Collectors think of this, though, and have specific variations listed on the affected releases. Together, they can be described as the "@BW" group. The what? Well, perhaps it's better to illustrate than describe. My example is the 20130 Burlington Route box car, since both versions happen to be part of the UMTRR Accumation. There are several other Micro-Trains releases to which this also applies, but I think this will convey the idea. Here goes...
The 20130 car had one side printed with the slogan "Way of the Zephyrs" and the other with "Everywhere West". One of the two sides is designated as being the "brake wheel side" because the section of the side to the right of the door is adjacent to the end of the car which has the brake wheel. (If only North American freight cars normally had two brake wheels... never mind.)
On the prototype, of which there was only one in this case, by the way, there was only one way in which the car was painted. Either the "Way of the Zephyrs," or "WOZ," slogan, was on the brake wheel end, or the "Everywhere West," or "EW," slogan was. It couldn't have been both.
However! Kadee, when producing these cars, didn't run them all through the painting process in exactly the same way. Therefore, some proportion of the cars, no one knows how many, were produced with the "Way of the Zephyrs" slogan on the brake wheel side, as seen in the scanned car to the left here. This is called the "WOZ@BW" variation.
And the remaining proportion, again, nobody knows how many, were produced with the "Everywhere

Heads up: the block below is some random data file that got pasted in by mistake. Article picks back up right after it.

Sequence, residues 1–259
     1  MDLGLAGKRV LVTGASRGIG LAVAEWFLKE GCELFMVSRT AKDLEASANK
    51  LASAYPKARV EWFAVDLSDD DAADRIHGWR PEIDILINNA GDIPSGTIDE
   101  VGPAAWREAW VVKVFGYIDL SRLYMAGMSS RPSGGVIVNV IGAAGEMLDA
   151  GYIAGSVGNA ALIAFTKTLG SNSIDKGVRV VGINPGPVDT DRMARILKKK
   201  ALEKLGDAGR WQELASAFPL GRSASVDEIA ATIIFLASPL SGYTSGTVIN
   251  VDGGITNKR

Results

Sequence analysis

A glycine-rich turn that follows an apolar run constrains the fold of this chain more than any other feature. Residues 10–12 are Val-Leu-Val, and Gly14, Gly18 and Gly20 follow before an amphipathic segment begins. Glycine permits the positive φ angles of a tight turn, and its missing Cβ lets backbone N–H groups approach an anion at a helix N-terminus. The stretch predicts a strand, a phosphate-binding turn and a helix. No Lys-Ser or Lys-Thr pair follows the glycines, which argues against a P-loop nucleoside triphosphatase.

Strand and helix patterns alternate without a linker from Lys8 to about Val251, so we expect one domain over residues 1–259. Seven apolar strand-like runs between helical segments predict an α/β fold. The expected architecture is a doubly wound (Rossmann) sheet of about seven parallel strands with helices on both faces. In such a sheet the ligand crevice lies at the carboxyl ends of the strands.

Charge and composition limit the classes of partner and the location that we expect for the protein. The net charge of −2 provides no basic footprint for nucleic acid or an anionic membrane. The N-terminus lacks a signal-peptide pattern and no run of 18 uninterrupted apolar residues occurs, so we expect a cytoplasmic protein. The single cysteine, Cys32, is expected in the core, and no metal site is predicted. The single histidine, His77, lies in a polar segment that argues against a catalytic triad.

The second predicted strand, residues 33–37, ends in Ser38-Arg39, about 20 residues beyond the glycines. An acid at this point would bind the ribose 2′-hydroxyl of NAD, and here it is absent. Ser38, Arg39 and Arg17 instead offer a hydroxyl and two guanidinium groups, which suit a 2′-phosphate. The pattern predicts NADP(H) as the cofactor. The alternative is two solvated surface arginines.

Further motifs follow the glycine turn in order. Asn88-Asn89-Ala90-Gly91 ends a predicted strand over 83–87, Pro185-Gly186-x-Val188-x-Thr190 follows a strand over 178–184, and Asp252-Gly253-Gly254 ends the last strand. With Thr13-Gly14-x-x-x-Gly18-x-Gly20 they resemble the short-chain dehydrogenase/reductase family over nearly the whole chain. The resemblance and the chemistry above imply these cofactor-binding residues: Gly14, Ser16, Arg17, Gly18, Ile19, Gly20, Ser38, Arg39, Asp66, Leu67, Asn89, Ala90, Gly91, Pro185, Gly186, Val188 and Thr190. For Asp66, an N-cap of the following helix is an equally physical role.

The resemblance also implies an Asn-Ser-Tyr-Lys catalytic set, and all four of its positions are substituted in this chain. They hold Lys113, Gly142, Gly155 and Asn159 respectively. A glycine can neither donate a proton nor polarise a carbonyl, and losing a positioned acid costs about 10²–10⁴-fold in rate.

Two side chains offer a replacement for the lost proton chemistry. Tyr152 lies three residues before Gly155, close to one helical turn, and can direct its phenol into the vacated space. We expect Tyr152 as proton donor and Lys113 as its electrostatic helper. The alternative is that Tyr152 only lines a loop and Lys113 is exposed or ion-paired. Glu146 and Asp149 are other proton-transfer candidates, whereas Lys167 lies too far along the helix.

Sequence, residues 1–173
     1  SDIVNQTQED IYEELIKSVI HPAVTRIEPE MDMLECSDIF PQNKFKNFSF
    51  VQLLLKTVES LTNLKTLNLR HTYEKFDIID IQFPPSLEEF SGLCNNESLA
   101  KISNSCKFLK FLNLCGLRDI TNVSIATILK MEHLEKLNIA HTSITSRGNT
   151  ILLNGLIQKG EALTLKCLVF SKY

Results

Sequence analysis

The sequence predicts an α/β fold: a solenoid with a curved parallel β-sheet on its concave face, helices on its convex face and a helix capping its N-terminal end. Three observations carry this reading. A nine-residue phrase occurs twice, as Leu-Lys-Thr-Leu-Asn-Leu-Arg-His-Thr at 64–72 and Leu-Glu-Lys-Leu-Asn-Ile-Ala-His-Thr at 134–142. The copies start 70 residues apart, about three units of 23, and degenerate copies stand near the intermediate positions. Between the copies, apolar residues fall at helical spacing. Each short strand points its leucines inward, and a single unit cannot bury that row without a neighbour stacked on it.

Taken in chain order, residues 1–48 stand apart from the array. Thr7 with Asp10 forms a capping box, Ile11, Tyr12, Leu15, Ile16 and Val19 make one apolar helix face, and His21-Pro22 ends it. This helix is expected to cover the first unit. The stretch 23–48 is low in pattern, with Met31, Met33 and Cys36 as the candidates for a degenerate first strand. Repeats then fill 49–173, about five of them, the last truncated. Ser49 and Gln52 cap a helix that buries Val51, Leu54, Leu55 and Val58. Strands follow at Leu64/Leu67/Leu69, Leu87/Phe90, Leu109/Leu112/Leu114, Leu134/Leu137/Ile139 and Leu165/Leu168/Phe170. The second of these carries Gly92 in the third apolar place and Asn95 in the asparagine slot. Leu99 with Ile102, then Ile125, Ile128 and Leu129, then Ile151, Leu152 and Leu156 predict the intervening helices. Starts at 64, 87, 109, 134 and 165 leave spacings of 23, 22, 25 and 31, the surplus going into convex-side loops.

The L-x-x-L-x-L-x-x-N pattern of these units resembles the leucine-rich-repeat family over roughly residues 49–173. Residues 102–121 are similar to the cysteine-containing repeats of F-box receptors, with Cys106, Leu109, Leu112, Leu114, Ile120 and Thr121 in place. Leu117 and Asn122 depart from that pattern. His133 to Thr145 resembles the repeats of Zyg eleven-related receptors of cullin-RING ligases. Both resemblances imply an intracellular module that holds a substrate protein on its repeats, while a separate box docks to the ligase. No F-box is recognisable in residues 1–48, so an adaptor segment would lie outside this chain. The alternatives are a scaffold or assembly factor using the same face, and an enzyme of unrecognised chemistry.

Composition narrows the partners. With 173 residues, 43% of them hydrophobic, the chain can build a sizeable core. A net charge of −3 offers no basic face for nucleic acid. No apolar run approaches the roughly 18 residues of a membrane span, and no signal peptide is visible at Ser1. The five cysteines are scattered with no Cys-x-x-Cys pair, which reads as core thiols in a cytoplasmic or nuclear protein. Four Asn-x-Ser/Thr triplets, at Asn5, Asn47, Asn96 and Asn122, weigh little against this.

West" slogan on the brake wheel side, as illustrated by the scan here. This is called the
"EW@BW" variation. By the way, in terms of aftermarket collector value, the two versions
are about the same. That's not necessarily true for other catalog numbers which are examples
of the "@BW" group.
In fact, the most spectacularly collectible variation in this class occurs on the 20072
Santa Fe box car, one of the "Class of '72" of original Micro-Trains releases. What I have
here to the left is the stock version with the "Grand Canyon Line" slogan on the brake
wheel side; that would be "GCL@BW." For a long time, it was considered to be the only
version out there. (If you ignore the size of the "Grand Canyon Line" slogan, but that's
another Micro-Story.) It wasn't until much later that it was realized and confirmed that
a version exists with the Santa Fe map on the brake wheel side, that's "Map@BW," and it's
quite rare. Rare enough to sell for more than $3,000 at auction! Is it a unique instance?
Well, probably not, but there may be fewer than ten out there. And there may be only one
in "collectible" condition. One UMTRR reader who will remain anonymous says he owns
five of the "Map@BW" variation... all weathered!